Banks: merger with UBS to save Credit Suisse

After the massive loss of confidence in Credit Suisse, rival Swiss bank UBS wants to take over its stricken competitor. The largest bank merger in Europe since the financial crisis of 2008 is to be backed by the Swiss National Bank with up to 100 billion Swiss francs (about 101 billion euros). Is the merger a sensible step or will it create an unwieldy monster?

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Corriere della Sera (IT) /

Just too big

Corriere della Sera warns of the consequences of the merger:

“Switzerland will have a bank whose assets are twice as high as the country's GDP. ... So it remains to be seen who will really call the shots in the country: the government or the CEO of the largest bank? ... Even if the new company resulting from the merger of two of Europe's biggest banks is streamlined, it will still be too big for the country where it will have its headquarters and conduct a large part of its business. Too big to fail, but also too big to be rescued, as was the case with Credit Suisse.”

Frankfurter Allgemeine Zeitung (DE) /

Prosperity and jobs at stake

The Frankfurter Allgemeine Zeitung explains why everyone should be worried when banks totter:

“Because companies cannot survive for long without functioning banks and financial markets. In the end, the state guarantees and the billions in loans from the central banks are aimed at saving the real economy - and thus prosperity and jobs. Teetering banks are not an abstract matter. ... Employees who lose their jobs in a deep recession still earn less decades later. Moreover, financial crises have proven to be a catalyst for populism in the past. Nobody can want that either.”

Irish Independent (IE) /

Not the time for complacency

The Irish Independent is not entirely reassured and sees the need for further action:

“EU regulators and politicians promptly insisted that the fundamentals of European banks remained healthy - a phrase that, of itself, carries disturbing memories. We are further assured that what happened in Switzerland and California, with the collapse of Silicon Valley Bank, cannot happen in the eurozone. ... Such assurances are welcome but the EU has still not agreed on an umbrella European deposit guarantee fund. This was meant to make banks more resilient in any return to the horrors of 2008 by reducing the risk of bank runs. ... It's not time to panic, but nor is it the time for complacency.”

Kathimerini (GR) /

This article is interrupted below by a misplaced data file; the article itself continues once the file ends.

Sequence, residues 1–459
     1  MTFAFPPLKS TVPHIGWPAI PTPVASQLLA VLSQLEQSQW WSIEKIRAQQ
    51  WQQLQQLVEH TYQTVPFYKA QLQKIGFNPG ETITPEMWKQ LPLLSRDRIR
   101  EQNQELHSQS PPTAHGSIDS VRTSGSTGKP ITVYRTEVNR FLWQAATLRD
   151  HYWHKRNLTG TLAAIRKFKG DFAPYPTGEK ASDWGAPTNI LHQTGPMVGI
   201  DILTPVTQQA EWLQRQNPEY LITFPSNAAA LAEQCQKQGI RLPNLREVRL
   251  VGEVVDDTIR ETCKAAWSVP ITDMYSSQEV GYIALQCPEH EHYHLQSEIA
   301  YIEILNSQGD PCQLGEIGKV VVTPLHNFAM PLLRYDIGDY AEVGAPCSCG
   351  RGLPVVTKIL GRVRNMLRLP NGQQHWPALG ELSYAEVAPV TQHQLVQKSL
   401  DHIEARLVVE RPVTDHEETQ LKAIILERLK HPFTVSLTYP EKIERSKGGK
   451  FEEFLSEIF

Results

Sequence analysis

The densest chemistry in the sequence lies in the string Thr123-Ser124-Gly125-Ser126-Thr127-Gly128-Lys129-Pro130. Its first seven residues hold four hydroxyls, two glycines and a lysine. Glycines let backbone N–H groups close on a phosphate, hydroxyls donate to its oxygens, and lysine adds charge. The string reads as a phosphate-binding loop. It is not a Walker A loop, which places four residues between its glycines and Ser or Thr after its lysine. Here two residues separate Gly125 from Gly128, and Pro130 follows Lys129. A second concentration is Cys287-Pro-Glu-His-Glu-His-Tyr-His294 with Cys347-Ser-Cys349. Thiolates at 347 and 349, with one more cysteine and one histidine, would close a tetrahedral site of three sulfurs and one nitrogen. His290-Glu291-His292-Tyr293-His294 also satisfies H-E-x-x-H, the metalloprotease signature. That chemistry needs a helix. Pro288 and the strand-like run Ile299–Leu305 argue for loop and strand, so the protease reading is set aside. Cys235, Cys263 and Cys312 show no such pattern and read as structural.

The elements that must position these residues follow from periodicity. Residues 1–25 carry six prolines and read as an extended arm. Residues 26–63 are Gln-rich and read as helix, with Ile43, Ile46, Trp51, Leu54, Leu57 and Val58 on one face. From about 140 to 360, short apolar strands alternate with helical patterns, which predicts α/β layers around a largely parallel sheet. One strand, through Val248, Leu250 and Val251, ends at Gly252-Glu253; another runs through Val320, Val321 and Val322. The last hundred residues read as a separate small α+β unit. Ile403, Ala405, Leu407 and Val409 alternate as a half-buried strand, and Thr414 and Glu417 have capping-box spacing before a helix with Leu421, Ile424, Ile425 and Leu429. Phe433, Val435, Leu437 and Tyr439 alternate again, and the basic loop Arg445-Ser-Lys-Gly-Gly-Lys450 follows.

Greece not at risk of contagion

Kathimerini comments:

“The Credit Suisse crisis could spread to Europe and especially to weak Italian banks. Fortunately, having sold large percentages of their nonperforming loans and having received tremendous financial help from the Greek state, the four Greek systemic banks are now in much better financial shape than during the Greek economic crisis, and it is unlikely that they will face problems as a consequence of contagion from Credit Suisse.”

ABC (ES) /

The right reflexes this time

ABC seas a learning effect here:

“The sale of Credit Suisse marks a new record in the race in which central banks and governments on both sides of the Atlantic have scrambled to complete this operation in recent days. The experience of the 2008 disaster has prompted both sides to act swiftly to contain a spiral of contagion and prevent a major loss of confidence among investors. They have displayed reflexes that were lacking fifteen years ago and activated an early warning while at the same time reassuring the markets with a series of credible messages and concrete actions.”

Handelsblatt (DE) /

Threat of creating a fragile monster

Handelsblatt fears that the merger will exacerbate the problem:

“A strong big bank can take over weak small banks and restructure or wind them up. But when two weighty financial institutions merge, one stable and one fragile, then - as we have seen time and again - the risk is very high that what remains is a fragile monster. ... In the Swiss case, there is also the fact that each of these banks on their own - UBS and Credit Suisse - are already too wieldy for relatively small Switzerland, which makes it difficult for the government and the central bank to provide credible support. Against this background, a mega-merger is anything but a good idea.”

Neue Zürcher Zeitung (CH) /

There was another option

The Neue Zürcher Zeitung posits that a takeover by the state might have been the better solution:

“Switzerland has now rid itself of a zombie bank, but it will wake up on Monday with a monster UBS bank. 'Monster' because its new balance sheet total will be almost twice as large as Switzerland's economic output. ... The takeover of CS by UBS would most likely not have been the only option. ... The state itself could have put in an offer for the bank, also at a fraction of the share price. ... It could then have privatised the bank or parts of it as soon as possible, which would have prevented UBS from turning into a giant.”